"I grew up dreaming about running the ball like the great Jim Brown, the late Walter Payton, and the NFL all-time rusher Emmitt Smith," he said. "Tonight I stand on the shoulders of you."
He spoke of two brief meetings with Smith at a football camp when he was 12, and how that gave him the confidence to pursue his football dreams.
And he asked "Team America" to "choose to be for one another."
Morten Andersen, the NFL's career scoring leader, became just the second placekicker inducted into the Pro Football Hall of Fame on Saturday night.
Andersen played an incredible 25 pro seasons, a league record, mostly for the Saints. He also was with the Falcons, Giants, Chiefs and Vikings, playing 382 total games.
The left-footed kicker from Denmark — his selection in February set off celebrations back home, where American football hardly is a sports staple — scored 2,544 points (565 field goals, 849 extra points). He is the all-time scoring leader for both New Orleans and Atlanta and was a five-time All-Pro.
A member of the NFL's 1980s and '90s All-Decade Teams, Andersen retired in 2004 with 40 field goals of 50 yards or longer, then an NFL mark. He joined Jan Stenerud as the only placekickers in the hall, and paid tribute to Stenerud as a trail blazer.
Andersen was presented for induction by his son, Sebastian. A soccer and team handball player back home, Andersen then delivered an often hilarious speech emphasizing how strange the adjustment to kicking a ball that was not round could be.
He also paid homage to his two homes.
"Good evening, Canton, Ohio," he began. "Good morning Denmark.
"My story isn't only about my love for my country of Denmark and its people," he said, "but also my deep appreciation and respect for what I discovered here in the United States of America."
Sackmaster Jason Taylor, elected in his first year of eligibility, was inducted Saturday night into the Pro Football Hall of Fame.
A star mostly with Miami, Taylor also spent one season with the Redskins and one with the Jets. In his 15 NFL seasons, the versatile end was a three-time All-Pro and the 2006 Defensive Player of the Year. He had 13 1/2 sacks, two interceptions returned for touchdowns, 11 passes defensed, 10 forced fumbles, two fumble recoveries and 62 tackles that season.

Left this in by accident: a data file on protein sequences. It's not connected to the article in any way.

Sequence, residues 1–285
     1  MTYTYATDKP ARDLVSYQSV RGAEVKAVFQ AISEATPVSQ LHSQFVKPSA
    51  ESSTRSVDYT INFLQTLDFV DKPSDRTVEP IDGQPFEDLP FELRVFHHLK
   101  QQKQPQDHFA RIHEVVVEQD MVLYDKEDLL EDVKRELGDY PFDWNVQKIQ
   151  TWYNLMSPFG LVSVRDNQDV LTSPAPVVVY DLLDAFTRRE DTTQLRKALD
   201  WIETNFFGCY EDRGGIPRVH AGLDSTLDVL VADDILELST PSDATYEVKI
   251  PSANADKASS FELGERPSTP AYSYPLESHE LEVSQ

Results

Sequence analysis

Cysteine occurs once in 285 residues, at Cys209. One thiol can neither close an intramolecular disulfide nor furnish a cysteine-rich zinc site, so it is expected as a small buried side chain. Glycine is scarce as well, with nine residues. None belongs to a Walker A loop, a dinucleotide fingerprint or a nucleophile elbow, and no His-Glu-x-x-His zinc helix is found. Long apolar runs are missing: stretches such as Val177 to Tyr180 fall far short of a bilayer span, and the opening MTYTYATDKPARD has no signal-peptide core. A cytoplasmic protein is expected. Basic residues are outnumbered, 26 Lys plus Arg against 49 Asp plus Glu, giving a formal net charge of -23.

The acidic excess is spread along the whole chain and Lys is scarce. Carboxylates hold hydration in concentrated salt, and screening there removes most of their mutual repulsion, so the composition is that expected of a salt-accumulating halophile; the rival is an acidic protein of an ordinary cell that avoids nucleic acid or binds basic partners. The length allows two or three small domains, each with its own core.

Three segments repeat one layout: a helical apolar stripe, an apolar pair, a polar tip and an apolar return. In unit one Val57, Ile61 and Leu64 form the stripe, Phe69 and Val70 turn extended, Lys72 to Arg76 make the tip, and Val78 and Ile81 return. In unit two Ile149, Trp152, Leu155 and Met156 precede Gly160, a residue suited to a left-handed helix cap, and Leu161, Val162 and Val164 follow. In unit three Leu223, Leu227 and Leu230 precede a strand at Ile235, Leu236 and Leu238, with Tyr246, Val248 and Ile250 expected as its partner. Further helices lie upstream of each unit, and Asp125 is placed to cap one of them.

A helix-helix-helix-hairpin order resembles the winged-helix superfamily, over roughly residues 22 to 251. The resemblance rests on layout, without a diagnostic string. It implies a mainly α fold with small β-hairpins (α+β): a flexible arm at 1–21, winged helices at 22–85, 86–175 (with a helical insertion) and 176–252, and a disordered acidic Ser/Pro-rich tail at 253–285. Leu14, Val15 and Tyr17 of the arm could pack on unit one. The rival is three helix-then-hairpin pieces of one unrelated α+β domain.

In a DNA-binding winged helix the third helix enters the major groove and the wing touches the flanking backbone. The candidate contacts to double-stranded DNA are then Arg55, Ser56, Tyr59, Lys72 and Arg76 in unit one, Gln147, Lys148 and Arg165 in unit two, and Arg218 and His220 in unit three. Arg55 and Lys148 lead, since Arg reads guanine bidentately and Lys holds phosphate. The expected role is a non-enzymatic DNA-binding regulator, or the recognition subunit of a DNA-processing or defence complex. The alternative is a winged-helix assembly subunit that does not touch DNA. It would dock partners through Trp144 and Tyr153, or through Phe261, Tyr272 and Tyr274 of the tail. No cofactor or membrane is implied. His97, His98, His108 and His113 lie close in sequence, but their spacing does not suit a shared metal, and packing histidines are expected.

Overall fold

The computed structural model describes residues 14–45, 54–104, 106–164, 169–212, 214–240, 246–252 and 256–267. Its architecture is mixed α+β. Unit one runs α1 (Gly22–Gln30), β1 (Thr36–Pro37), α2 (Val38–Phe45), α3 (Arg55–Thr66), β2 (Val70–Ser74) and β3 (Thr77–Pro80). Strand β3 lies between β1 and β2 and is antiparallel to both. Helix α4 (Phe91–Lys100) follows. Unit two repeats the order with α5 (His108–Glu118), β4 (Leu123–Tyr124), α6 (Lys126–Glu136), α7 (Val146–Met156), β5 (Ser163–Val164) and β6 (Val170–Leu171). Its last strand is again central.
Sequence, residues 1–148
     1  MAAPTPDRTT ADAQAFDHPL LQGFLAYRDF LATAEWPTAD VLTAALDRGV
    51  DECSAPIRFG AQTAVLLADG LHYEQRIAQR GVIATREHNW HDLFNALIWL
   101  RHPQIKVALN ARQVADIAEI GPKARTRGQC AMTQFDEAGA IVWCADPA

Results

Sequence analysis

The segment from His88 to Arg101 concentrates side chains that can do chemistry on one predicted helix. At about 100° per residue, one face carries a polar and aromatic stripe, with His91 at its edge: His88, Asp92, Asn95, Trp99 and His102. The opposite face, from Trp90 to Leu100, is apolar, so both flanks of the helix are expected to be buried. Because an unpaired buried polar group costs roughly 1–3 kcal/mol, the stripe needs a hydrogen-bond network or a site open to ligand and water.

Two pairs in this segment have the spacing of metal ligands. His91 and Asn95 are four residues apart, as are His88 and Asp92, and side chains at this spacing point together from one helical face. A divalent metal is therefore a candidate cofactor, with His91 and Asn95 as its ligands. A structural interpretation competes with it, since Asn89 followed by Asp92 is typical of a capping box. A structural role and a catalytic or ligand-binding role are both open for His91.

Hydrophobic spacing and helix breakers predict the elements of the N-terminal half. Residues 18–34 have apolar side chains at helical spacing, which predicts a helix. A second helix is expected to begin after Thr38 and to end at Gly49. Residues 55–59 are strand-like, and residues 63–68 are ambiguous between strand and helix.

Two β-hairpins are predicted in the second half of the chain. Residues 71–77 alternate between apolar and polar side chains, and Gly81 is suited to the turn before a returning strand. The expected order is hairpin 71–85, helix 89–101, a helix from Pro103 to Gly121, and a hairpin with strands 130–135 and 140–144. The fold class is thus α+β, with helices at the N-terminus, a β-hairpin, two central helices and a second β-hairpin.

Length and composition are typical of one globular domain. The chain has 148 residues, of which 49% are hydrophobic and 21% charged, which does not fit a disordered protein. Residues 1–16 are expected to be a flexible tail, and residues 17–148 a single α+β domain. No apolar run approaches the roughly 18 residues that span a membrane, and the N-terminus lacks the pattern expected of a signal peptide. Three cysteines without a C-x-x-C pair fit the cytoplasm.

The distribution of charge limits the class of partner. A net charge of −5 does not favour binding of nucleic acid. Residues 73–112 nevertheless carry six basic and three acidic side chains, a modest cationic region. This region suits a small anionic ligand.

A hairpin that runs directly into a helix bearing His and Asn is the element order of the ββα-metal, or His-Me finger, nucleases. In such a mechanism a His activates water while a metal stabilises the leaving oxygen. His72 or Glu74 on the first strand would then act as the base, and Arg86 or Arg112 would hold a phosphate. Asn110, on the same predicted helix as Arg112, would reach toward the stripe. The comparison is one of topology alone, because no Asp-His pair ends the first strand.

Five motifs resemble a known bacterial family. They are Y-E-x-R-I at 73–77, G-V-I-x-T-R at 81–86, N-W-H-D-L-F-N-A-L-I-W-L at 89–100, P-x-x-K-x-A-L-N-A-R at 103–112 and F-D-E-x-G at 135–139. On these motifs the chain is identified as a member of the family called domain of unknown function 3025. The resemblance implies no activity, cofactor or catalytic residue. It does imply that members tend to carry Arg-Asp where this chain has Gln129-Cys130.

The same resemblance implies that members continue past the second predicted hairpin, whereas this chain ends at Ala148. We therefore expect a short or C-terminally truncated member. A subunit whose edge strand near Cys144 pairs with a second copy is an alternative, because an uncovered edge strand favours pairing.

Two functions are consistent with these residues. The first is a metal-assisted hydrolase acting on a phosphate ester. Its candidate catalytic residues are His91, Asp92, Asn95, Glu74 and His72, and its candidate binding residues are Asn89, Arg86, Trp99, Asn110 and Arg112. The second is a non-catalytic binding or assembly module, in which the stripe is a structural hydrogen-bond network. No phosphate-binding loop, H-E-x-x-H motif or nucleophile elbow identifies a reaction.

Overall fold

Taylor's 139 1/2 career sacks helped him make the All-Decade Team of the 2000s. He also was the NFL's Man of the Year in 2007.
A third-round draft pick from Akron — just down the road from the Hall of Fame — Taylor was presented for induction by Jimmy Johnson, who coached him for several years with the Dolphins.
"I honestly can't believe I am here," said Taylor, who kissed the shaved head atop his bust when it was unveiled. "In 1992 I was at the University of Akron, just 20 miles away. It took 20 years to travel 20 miles to put on this jacket. It was worth every step."
Taylor choked up several times, especially when talking about the late Gary Wichard, who was his agent and, Taylor said, "truly the father I never had."
Kenny Easley, a hard-hitting safety for the Seahawks and a member of the 1980s All-Decade Team, was inducted Saturday night into the Pro Football Hall of Fame.
A seniors committee choice, Easley played only seven seasons and 89 games for Seattle. But what an impact he made as an intimidator and ballhawk.
The 1981 NFL Defensive Rookie of the Year, Easley was the league's top overall defender in 1984 when he had a league-leading 10 interceptions, a career high.
Easley, who was presented for induction by his high school coach, Tommy Rhodes, retired after the 1987 season. He had to wait 24 years before being voted into the hall.
"I was first nominated for the hall in 1997," Easley said. "Twenty years later — be anxious for nothing — the Hall of Fame was dropped on the shoulders of Kenny Easley like a pair of shoulder pads. Some folks said I deserved to be in the hall earlier; I don't believe that. Others say he didn't play long enough, I don't believe that."
Easley concluded a politically and religiously toned speech by saying: "I thank you for welcoming me into your exclusive club."